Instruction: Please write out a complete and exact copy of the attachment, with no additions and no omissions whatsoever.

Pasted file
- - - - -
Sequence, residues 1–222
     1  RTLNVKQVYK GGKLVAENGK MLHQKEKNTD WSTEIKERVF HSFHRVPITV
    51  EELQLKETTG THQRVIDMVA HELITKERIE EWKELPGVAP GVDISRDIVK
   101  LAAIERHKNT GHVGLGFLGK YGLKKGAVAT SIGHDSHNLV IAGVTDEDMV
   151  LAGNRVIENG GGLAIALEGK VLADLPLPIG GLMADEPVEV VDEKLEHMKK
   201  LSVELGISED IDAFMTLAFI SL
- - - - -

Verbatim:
Sequence, residues 1–222
     1  RTLNVKQVYK GGKLVAENGK MLHQKEKNTD WSTEIKERVF HSFHRVPITV
    51  EELQLKETTG THQRVIDMVA HELITKERIE EWKELPGVAP GVDISRDIVK
   101  LAAIERHKNT GHVGLGFLGK YGLKKGAVAT SIGHDSHNLV IAGVTDEDMV
   151  LAGNRVIENG GGLAIALEGK VLADLPLPIG GLMADEPVEV VDEKLEHMKK
   201  LSVELGISED IDAFMTLAFI SL